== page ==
The Jockey Club Announces Recipients Of Five Academic Scholarships

The Jockey Club announced today the recipients of its five academic scholarships, which will be awarded for the 2021-2022 academic year. In November 2020, The Jockey Club announced the creation of three new scholarships to support individuals from diverse backgrounds who are interested in pursuing a career in the Thoroughbred industry: The Jockey Club Advancement of Women in Racing Scholarship, The Jockey Club Vision Scholarship, and The Jockey Club Benevolence Scholarship. These awards are in addition to The Jockey Club Scholarship and The Jockey Club Jack Goodman Scholarship.

Julie Corral has been selected to receive The Jockey Club Scholarship, which provides $15,000 ($7,500 per semester) to a student who is pursuing a bachelor’s degree or higher at any university and has demonstrated interest in pursuing a career in the Thoroughbred industry. Corral, a veterinary student at the University of Pennsylvania, aims to become a racetrack veterinarian.

Eric DeCoster has been selected for the second straight year for The Jockey Club Jack Goodman Scholarship ($6,000; $3,000 per semester), which is awarded annually to a student enrolled in the University of Arizona Race Track Industry Program (RTIP). DeCoster, a sophomore in the RTIP, is interested in pursuing a career in bloodstock.

The inaugural winner of The Jockey Club Advancement of Women in Racing Scholarship ($20,000; $10,000 per semester), which is open to women pursuing a career in the Thoroughbred industry, is Elizabeth Galletta. Galletta, a student at Midway University and farm manager of Daisy Acres, a breeding farm in Paris, Ky., intends to make her career in the reproductive sector.

Jeffrey Mitchell Jr. is the recipient of The Jockey Club Vision Scholarship ($20,000; $10,000 per semester), which is open to students from a minority racial or ethnic group who are pursuing a career in the Thoroughbred industry. Mitchell is working toward his master’s degree in veterinary science at the University of Kentucky and is a research assistant in the Maxwell H. Gluck Equine Research Center’s Reproductive Health Laboratory. He aspires to become a veterinarian.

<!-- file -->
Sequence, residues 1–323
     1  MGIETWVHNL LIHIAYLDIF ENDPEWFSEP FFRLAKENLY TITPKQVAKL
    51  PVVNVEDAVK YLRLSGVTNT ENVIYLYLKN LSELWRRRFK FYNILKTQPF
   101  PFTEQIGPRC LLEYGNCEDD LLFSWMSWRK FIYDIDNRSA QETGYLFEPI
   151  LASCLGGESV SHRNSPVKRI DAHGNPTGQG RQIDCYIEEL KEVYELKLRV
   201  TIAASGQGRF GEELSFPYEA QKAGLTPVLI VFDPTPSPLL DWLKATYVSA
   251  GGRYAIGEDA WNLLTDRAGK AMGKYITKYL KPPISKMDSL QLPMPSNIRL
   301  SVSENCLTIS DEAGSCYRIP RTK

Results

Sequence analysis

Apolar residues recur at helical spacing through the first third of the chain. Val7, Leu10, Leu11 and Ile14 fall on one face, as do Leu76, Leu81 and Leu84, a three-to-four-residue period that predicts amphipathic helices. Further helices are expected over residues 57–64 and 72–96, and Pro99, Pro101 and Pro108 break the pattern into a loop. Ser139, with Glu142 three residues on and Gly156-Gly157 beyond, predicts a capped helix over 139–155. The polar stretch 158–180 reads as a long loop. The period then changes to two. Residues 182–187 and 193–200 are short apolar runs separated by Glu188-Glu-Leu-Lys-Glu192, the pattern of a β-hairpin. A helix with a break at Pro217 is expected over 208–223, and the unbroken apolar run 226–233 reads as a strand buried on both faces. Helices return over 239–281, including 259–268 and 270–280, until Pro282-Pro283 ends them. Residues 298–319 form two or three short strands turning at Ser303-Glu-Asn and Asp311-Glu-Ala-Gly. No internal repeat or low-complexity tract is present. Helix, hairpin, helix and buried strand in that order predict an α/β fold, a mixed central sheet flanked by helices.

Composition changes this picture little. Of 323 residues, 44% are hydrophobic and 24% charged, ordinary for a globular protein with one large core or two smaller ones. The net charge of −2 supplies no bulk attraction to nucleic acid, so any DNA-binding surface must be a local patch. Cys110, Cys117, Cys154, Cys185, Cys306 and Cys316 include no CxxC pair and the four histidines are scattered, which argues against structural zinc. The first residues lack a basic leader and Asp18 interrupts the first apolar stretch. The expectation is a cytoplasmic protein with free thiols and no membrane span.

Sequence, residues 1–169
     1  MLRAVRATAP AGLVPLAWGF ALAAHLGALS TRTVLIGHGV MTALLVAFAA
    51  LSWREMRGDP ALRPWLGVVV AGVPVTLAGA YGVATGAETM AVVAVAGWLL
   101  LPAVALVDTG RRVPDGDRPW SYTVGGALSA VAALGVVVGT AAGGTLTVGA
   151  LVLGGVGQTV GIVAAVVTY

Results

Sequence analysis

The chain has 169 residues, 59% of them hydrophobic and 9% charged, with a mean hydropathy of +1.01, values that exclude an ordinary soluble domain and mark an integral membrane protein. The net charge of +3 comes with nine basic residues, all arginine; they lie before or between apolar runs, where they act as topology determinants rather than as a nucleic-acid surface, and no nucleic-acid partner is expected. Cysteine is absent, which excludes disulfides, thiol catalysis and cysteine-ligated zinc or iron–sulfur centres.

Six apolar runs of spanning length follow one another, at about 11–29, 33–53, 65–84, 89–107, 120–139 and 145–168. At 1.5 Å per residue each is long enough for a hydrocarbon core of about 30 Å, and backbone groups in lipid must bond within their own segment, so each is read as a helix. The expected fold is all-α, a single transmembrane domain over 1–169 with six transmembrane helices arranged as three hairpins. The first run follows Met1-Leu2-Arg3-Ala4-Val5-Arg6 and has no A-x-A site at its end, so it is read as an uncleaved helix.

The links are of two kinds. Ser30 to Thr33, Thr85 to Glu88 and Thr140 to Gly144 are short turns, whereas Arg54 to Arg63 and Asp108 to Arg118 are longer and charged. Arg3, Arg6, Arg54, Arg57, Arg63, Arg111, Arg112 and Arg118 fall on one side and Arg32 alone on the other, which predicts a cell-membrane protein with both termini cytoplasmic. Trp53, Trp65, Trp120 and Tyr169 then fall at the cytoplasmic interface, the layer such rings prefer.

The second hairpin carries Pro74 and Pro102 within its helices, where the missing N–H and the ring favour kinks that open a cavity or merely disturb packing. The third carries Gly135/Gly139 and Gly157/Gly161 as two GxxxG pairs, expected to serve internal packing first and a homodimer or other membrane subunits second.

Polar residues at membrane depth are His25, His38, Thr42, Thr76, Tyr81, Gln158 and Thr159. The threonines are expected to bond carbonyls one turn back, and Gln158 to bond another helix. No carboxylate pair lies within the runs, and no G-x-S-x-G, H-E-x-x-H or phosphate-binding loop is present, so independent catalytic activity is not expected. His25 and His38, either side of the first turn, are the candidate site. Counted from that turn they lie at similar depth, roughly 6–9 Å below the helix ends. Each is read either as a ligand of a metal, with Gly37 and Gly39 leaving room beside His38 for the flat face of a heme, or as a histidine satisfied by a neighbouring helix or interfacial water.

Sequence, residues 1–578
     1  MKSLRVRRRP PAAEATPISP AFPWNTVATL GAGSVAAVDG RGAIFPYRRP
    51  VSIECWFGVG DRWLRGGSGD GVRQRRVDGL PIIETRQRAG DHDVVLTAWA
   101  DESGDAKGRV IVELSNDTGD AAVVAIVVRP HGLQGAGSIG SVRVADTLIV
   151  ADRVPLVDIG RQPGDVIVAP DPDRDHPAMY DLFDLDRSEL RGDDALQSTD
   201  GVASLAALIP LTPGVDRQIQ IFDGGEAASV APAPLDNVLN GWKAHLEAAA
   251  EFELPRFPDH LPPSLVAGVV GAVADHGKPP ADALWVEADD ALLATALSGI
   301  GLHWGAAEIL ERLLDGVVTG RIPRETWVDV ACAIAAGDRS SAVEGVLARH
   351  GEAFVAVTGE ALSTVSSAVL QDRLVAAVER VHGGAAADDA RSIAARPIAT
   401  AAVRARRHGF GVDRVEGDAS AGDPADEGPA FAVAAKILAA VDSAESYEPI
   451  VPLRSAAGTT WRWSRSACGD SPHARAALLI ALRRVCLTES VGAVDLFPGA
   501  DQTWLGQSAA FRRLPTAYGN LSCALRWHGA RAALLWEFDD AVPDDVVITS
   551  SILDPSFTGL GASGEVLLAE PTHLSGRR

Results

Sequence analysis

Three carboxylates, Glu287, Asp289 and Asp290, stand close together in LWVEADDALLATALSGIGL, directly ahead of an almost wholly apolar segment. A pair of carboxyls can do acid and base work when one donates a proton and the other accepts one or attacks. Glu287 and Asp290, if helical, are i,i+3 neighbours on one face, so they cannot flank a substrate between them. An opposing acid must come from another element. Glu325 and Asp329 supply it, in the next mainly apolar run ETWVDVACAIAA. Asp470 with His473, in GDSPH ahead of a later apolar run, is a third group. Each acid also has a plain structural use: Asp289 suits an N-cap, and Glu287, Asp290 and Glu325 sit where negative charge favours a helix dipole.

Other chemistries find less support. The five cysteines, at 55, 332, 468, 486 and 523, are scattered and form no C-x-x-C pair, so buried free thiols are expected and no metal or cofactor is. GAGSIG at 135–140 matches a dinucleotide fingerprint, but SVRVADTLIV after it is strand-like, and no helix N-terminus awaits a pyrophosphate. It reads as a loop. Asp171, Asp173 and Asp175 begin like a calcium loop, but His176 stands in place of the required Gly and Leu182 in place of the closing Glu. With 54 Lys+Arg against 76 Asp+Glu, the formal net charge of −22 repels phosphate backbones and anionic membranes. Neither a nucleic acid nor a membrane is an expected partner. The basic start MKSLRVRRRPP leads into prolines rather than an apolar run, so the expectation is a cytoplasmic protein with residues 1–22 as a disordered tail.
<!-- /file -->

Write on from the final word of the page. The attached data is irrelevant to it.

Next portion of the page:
The Jockey Club Benevolence Scholarship ($15,000; $7,500 per semester) is a need-based award to enable a student to attend a full-time program at a college, university, or trade program and gives preference to children of backstretch and farm workers. The inaugural winner is Vanessa Sanchez, a student at Pace University in New York, who is interested in equine marketing.

“Our expanded scholarship offerings are part of The Jockey Club’s strategy to address diversity in the Thoroughbred industry, and we were heartened by the response to this initiative, with more than 150 applications submitted,” said James L. Gagliano, president and chief operating officer of The Jockey Club. “We are proud to support these five outstanding individuals and are confident that they will make a positive impact in their areas of interest.”

Applications for the 2022-2023 academic year will open this fall.

The Jockey Club, founded in 1894 and dedicated to the improvement of Thoroughbred breeding and racing, is the breed registry for North American Thoroughbreds. In fulfillment of its mission, The Jockey Club, directly or through subsidiaries, provides support and leadership on a wide range of important industry initiatives, and it serves the information and technology needs of owners, breeders, media, fans and farms. It founded America’s Best Racing (americasbestracing.net), the broad-based fan development initiative for Thoroughbred racing, and in partnership with the Thoroughbred Owners and Breeders Association, operates OwnerView (ownerview.com), the ownership resource. Additional information is available at jockeyclub.com.

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